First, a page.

I’m guessing that I’ve penned somewhere in the neighborhood of 900 opinion columns the last 18 years in the pages of The Citizen.
I’ve commented on just about everything under the sun: presidents, senators, governors, mayors, police chiefs, county commissioners, superintendents, principals, teachers and students, preachers, thieves, drunk drivers, firemen, cops, paramedics, garbage men, cooks, waitresses, bartenders, construction workers, bus drivers, grocery store clerks, bank tellers, football, basketball, baseball, soccer (rarely), hockey (rarer still), golf, golf courses, golf balls, golf clubs, steaks, wings, fried chicken, ice cream, beer, wine, my friends, my family, my employees, our readers, planes, trains, automobiles, natural disasters, the weather, the sun, the moon, the stars... you probably get the picture.
So, one would think it would be easy settling on a column topic each week, right?
Sometimes an opinion or observation leaps out of my mind and onto this page with 1,000 words to back it up.
Sometimes, my opinions are less clear, less substantive and eligible for just a paragraph or two.
Sometimes I have a few column topics that I should lend my two cents worth to, but I just don’t feel like it.
I mean, I could talk again about HB 253, the GOP state legislature-led, knee-jerk reaction to the wacky goings-on in Kansas that I — and, just last week, in the form of a guest column, Platte County R-3 School District Superintendent Dr. Mike Reik — have written about before. This legislation — basically an income tax decrease experiment that could result in a $700 million decrease in state revenues and ensuing cuts to the states’ already under-funded public education system — seems awful risky for what some experts say will initially result in an average of a $5 annual tax cut for many middle class families.
I could talk about that some more, but I’m already tired of it — I tire quickly of ideas lacking common sense.
I could talk about an audit of the Central Platte Fire Department, which one Board member was adamant about doing even though the Fire District was not required to do it and has its finances managed by a CPA. While official results have not yet been made public, I’m hearing that the audit — a complete, top-to-bottom inspection of everything, rather than a much cheaper procedural audit — hasn’t really revealed any major issues. I’m also hearing that 75 percent of the bill is due — $17,000 — with the rest coming soon.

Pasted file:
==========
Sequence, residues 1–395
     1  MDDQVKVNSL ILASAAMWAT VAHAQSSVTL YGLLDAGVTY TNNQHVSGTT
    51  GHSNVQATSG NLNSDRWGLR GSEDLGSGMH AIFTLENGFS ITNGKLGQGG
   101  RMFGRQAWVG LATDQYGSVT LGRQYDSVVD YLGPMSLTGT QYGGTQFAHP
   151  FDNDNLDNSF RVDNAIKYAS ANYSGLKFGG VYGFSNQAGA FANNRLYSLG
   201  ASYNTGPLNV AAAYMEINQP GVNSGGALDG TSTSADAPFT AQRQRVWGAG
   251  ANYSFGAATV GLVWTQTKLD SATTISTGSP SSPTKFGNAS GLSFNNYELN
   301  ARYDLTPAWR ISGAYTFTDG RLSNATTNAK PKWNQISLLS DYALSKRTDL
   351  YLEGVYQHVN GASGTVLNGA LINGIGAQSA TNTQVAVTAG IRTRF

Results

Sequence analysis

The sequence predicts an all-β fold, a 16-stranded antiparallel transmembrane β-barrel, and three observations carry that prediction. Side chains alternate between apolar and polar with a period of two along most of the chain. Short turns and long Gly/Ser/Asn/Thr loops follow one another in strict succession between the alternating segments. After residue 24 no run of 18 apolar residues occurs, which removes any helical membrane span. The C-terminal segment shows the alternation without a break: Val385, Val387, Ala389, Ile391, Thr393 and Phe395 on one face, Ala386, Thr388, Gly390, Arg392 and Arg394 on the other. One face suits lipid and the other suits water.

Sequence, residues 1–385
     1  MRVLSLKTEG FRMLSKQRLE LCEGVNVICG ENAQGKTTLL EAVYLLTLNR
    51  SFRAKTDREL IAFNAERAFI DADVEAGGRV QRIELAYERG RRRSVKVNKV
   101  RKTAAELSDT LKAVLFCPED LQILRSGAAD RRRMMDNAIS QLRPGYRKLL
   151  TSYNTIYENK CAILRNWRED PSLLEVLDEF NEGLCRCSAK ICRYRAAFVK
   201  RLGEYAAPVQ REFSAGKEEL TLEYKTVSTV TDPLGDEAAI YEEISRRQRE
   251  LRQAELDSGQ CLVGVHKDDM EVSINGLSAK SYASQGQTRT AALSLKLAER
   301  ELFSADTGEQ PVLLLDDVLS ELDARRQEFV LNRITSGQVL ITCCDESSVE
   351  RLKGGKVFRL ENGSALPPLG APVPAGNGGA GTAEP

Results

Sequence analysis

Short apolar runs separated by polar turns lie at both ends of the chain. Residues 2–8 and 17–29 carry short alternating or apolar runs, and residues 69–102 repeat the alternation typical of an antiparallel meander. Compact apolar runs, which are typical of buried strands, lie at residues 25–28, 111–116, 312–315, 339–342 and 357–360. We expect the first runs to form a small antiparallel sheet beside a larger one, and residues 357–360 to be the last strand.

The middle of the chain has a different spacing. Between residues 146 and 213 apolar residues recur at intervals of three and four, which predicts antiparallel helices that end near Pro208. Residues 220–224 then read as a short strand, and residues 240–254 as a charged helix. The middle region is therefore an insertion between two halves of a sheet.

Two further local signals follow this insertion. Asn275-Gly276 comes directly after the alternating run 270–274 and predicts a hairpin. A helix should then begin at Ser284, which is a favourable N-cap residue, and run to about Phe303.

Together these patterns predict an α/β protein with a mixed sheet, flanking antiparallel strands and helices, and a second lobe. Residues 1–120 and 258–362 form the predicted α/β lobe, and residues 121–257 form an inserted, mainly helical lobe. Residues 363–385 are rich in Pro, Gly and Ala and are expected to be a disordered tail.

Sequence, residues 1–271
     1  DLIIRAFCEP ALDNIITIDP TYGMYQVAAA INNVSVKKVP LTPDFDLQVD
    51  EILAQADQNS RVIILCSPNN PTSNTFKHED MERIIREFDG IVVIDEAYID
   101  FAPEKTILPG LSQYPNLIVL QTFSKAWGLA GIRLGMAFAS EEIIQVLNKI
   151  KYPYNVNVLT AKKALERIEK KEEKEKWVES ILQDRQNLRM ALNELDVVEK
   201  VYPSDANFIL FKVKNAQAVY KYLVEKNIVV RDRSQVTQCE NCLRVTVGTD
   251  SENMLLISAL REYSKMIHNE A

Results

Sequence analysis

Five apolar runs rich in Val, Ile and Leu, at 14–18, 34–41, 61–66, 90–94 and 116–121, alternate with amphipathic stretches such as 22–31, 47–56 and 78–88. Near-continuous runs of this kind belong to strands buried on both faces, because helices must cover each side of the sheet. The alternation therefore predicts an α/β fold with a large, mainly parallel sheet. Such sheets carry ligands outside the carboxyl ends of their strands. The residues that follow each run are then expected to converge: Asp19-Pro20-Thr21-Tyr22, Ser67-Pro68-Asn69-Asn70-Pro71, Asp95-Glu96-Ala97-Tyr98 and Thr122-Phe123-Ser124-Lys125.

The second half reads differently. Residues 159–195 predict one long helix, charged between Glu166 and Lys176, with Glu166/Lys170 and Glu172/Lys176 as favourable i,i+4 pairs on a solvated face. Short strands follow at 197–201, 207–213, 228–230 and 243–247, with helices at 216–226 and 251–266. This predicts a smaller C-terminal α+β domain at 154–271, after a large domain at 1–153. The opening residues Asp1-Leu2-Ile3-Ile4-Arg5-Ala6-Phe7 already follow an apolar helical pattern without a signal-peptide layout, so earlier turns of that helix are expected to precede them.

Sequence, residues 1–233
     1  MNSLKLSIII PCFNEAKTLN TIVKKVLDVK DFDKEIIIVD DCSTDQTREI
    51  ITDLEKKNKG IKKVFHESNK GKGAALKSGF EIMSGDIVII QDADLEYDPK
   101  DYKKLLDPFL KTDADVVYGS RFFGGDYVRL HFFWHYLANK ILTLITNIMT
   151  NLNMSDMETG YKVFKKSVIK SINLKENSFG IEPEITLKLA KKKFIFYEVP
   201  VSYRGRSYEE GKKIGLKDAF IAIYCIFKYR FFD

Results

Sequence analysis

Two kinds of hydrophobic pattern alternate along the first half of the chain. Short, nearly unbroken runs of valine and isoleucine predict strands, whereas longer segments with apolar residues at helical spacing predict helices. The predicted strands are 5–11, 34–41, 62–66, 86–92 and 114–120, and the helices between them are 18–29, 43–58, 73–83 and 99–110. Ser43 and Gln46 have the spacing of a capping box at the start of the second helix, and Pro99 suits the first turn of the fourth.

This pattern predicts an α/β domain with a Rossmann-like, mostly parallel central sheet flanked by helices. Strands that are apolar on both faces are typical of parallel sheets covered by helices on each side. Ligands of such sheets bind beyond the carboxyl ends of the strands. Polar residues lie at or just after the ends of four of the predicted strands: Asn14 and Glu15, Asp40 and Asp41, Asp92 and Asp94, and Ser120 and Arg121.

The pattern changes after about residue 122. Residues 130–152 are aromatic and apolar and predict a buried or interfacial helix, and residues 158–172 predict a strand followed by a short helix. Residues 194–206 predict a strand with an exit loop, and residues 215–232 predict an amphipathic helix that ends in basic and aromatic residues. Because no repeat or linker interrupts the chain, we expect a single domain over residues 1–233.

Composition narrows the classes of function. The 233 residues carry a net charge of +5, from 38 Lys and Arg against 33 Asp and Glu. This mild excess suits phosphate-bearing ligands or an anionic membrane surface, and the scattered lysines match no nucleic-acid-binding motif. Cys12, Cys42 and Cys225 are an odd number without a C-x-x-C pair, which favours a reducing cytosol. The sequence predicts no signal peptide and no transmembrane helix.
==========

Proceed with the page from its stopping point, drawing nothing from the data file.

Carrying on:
I could talk about that apparent waste of taxpayer dollars, but — nah, see the previous paragraph about tiring quickly of non-sensical matters.
So, what I think I will talk about — briefly, anyway — is a fascinating interview I had Monday with Platte County judges Lee Hull and Abe Shafer.
As you may recall from a recent Citizen report, the two longtime judges are set to retire due to state law that says they must leave the bench when they turn 70 years old. Shafer reached the milestone July 18, while Hull hits the big 7-0 Sept. 1.
These men have a combined 80-plus years in the Platte County legal community, so you can just imagine the stories they have to tell.
For the better part of two hours, I heard plenty during my interview with the two judges.
And you are going to hear some of it, too, when we publish a feature on these particular men in black (robes) in next week’s issue.
You don’t want to miss that and you also don’t want to miss our annual Fall Sports Outlook. It’s the only publication anywhere with complete previews, team pics and schedules for all Platte County, West and North Platte, Park Hill and PH South fall sports teams.
Thanks for reading.
Lee Stubbs is owner/publisher of The Citizen. He may be reached by email at firstname.lastname@example.org or by calling 858-5154. Follow him on Twitter @leejstubbs.